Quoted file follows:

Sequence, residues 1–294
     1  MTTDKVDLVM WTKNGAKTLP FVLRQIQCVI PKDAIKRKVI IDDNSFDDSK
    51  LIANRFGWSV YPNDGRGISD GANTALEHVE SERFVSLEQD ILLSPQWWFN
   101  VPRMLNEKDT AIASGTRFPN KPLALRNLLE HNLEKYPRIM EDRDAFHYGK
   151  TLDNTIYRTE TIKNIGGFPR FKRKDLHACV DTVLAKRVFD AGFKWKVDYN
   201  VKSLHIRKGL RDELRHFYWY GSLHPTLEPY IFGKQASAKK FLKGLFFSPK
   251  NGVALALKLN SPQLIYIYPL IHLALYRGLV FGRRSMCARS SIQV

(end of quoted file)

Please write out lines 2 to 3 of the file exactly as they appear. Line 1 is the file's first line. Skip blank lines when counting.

     1  MTTDKVDLVM WTKNGAKTLP FVLRQIQCVI PKDAIKRKVI IDDNSFDDSK
    51  LIANRFGWSV YPNDGRGISD GANTALEHVE SERFVSLEQD ILLSPQWWFN